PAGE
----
Foreclosure & Alternatives Law
Losing your home can be a painful process. If you've fallen on hard financial times and are facing home foreclosure, you should go into the process informed of your rights and options during each stage. With the right help and information, you may be able to delay or prevent the foreclosure entirely.
A foreclosure is the result when a homeowner misses too many mortgage payments and their lender reclaims the property to resell at auction and make up the costs.
Individual state laws affect the specifics of your foreclosure process, but in general, your bank or mortgage lender can start foreclosure proceedings after several missed loan payments, usually around 90 days of delinquency.
Your lender is required to provide you with written notice of their intent to start foreclosure proceedings. This notice should give you a timeline for when the process will begin, often around 30 days, but possibly less. You'll be given a "reinstatement period," where you'll get the opportunity to pay your overdue bills, plus interest and late fees, which should stop the foreclosure process.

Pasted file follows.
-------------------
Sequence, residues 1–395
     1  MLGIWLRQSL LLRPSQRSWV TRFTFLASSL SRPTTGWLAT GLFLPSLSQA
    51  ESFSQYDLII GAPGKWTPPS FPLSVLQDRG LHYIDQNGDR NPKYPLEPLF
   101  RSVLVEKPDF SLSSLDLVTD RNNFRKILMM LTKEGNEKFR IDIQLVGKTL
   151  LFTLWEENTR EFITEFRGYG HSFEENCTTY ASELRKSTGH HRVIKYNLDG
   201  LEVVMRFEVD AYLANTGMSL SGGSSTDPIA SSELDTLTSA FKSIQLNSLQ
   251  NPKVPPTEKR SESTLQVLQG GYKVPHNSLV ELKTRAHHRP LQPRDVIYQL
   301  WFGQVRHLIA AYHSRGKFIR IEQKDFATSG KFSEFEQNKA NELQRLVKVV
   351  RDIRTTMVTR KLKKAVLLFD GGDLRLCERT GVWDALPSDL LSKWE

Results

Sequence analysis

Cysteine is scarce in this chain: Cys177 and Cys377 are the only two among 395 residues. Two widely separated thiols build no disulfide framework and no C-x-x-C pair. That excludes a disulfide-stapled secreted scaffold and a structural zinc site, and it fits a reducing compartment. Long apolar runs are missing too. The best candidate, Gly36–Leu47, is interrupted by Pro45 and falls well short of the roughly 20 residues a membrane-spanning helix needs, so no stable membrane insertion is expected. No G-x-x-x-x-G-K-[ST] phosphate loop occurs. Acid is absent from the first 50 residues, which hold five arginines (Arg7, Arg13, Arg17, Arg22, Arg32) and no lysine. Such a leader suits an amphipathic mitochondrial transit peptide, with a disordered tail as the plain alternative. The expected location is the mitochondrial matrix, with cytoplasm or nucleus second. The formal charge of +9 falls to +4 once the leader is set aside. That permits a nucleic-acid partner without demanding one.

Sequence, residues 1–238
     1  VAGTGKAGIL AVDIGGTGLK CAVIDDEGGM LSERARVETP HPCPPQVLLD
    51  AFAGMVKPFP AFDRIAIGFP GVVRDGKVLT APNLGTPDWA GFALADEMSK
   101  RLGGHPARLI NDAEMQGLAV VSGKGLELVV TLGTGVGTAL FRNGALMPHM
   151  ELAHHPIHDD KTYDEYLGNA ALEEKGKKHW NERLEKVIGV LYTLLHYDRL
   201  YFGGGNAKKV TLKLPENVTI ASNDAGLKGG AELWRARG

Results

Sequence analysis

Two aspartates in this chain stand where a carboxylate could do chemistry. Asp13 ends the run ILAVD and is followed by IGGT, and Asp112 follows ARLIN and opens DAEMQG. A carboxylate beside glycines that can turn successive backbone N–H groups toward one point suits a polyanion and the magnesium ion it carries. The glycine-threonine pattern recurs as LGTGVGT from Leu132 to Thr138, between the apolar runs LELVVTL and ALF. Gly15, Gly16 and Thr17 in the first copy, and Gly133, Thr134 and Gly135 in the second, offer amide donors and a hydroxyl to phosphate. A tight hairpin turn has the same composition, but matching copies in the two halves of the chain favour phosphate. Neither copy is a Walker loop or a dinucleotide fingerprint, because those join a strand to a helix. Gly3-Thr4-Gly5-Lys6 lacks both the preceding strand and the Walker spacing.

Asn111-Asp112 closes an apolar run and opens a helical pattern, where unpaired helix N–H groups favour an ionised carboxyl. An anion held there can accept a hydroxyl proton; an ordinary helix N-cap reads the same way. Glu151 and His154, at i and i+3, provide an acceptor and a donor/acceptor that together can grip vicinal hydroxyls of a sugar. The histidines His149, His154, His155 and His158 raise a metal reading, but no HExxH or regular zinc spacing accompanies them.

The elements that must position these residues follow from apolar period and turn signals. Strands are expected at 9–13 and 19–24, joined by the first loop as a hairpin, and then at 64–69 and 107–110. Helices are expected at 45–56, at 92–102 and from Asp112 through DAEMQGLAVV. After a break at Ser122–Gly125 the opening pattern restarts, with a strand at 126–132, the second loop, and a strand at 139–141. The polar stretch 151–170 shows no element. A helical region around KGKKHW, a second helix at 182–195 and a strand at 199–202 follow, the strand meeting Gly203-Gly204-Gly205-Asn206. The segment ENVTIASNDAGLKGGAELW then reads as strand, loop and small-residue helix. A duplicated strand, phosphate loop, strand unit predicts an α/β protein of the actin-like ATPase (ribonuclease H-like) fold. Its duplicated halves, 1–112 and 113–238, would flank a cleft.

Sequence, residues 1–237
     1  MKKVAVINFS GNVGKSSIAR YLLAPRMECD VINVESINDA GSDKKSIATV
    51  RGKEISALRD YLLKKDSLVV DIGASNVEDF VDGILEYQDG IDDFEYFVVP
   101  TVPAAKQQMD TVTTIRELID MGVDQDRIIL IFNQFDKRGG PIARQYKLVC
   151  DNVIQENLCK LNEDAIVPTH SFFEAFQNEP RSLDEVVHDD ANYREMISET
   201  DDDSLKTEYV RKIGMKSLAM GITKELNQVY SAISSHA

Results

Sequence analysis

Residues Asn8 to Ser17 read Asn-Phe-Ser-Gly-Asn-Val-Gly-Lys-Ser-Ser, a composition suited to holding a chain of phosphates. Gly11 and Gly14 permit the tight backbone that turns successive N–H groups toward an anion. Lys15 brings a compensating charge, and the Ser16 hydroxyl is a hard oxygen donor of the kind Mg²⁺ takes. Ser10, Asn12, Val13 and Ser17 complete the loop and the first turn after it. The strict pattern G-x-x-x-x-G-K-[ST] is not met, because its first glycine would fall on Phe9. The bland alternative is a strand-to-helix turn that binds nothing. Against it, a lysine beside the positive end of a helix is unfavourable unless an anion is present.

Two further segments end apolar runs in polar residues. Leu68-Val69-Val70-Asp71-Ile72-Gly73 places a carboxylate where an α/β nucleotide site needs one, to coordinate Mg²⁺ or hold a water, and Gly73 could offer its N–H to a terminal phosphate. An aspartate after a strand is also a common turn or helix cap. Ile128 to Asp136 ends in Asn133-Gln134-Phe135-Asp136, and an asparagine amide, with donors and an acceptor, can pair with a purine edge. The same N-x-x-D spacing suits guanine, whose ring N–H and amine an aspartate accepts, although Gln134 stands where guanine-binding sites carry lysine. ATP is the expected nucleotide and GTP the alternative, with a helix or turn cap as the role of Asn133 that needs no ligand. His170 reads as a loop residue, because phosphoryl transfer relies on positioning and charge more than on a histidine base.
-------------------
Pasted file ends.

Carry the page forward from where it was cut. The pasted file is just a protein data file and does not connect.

If you're unable to pay all that's owed in the time allotted, you may be able to work out a payment plan with your lender to extend your deadline and give you time to get caught up.
If the foreclosure moves forward, some states will require a court proceeding to move the foreclosure forward. If granted, local newspapers will print notice of the foreclosure, the lender will put your house up for auction, sell it, and within a set number of days you will need to vacate the property. The exact steps and timelines will depend on the state you live in, but eviction periods can usually last between a few days to a few weeks.
If your lender is unwilling to work with you on a payment plan, you still have a few options left.
You can reach out to the Making Home Affordable program, a government initiative that could provide you with financial counseling or advice. The housing agency for your state may have additional support programs that you could take advantage of as well.
A process known as "redemption" may also be an option for you. In many, but not all, states you have the chance to buy back the property after it's been foreclosed providing a new purchase price and interest rate.
You also have the right to take your lender to court. This could be especially helpful if you believe they've made a mistake and you want to prevent the foreclosure process from going any further. However, even without a lender's mistake, you may still have remedies through the court to stop the proceedings.
In some cases, filing for bankruptcy could save your home from a foreclosure. Loss mitigation applications and loan modifications could be options available to you as well.
If your lender tries to force you out of your home before your time limits are up, refuses to discuss any possible options with you, or doesn't provide you with notice before the foreclosure process begins, you may have cause for legal recourse.